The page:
Find a dividing line inside your shape that stands out, one that helps define the shape. For me, it was the top of the jug: one third of my rectangle is flowers, two-thirds is jug. For your portrait sitter it might well be the shadow line that divides the face in two, or perhaps the line of the eyes, the hair line; it doesn't really matter, find a line that stands out to you. In the still life it could be the biggest object that takes up half of the picture. Whatever it is, find a line and draw it into your shape. This line will help me remember later on that I thought the jug was about 2/3 of the whole.

There. You have done it. Your 'Great White' is gone. You broke it up with some simple plain looking lines!

Honestly, it doesn't matter that they look a bit plain and simple. What matters is that you have made a start. Now that the ice is broken, you can move onwards and upwards.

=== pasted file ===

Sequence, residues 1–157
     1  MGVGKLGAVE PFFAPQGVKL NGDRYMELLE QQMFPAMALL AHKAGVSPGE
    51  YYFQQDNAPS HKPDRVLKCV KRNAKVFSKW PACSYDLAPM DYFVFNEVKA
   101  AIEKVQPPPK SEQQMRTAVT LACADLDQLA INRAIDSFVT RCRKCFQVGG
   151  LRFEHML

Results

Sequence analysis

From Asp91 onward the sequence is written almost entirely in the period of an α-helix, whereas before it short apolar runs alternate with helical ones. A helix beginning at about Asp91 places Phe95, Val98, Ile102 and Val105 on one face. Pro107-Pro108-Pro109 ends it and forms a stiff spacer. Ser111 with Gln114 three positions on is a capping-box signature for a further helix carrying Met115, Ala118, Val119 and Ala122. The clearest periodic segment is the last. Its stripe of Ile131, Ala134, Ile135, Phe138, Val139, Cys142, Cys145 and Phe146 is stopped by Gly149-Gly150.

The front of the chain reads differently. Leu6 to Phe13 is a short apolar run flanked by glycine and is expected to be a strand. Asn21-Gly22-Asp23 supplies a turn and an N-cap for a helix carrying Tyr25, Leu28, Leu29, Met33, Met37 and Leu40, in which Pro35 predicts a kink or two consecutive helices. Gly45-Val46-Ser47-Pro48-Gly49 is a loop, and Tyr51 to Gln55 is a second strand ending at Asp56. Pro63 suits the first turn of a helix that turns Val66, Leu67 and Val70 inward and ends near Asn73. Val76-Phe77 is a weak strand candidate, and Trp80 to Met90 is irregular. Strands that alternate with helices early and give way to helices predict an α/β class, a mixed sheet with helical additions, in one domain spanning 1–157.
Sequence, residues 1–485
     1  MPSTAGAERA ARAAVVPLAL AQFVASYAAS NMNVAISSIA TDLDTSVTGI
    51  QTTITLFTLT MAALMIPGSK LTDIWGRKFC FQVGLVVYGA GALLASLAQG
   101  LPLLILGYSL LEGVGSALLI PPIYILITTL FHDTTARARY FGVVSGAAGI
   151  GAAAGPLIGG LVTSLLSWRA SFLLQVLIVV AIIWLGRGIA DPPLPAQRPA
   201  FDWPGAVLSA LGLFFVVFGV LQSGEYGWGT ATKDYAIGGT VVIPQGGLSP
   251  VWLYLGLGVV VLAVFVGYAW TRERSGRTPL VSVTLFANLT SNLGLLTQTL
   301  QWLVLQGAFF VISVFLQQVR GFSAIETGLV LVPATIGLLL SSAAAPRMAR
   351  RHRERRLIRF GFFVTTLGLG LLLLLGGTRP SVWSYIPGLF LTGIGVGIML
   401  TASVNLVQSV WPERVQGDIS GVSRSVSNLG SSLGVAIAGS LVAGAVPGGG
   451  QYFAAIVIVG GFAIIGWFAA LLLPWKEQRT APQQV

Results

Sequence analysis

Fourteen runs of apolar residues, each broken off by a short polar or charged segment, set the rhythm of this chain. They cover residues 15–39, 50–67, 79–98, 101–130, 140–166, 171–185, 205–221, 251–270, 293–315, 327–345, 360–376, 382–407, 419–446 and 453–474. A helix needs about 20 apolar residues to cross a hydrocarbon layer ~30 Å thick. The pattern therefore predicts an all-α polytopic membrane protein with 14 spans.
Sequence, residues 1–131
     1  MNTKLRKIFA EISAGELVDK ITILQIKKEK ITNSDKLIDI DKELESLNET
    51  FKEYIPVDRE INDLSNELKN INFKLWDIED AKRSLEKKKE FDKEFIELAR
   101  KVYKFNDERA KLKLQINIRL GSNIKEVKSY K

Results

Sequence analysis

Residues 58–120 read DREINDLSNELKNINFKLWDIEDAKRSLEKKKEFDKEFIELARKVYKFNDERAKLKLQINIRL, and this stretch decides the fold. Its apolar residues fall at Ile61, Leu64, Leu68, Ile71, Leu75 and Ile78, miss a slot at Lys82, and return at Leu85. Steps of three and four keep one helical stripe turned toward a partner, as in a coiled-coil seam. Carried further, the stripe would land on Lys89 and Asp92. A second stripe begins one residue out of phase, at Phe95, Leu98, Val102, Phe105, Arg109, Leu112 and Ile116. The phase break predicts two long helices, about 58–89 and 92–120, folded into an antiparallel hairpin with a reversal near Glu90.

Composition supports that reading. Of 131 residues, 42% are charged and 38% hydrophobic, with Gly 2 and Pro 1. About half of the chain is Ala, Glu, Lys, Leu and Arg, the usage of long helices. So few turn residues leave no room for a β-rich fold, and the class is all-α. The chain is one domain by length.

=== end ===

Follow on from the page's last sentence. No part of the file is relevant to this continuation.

Sophie Ploeg Blank Canvas

Adjust your simple shape

Sophie Ploeg Blank Canvas

Find some more big simple shapes

Sophie Ploeg Blank Canvas

Start adjusting, fixing and adding more shapes and lines and use this as the skeleton for your painting

Make Adjustments

You can now continue, now that the fear is gone, to making some adjustments to your shape. My rectangle is perhaps a little narrower, and the top, where the flowers are, are much wider than the jug.

Find More Shapes

Find some more really big and general shapes: I found some circles that will become my flowers. You might find some more rectangles for an apple in your still life, or a triangle for a nose.

Use this Skeleton as the Basis of your Painting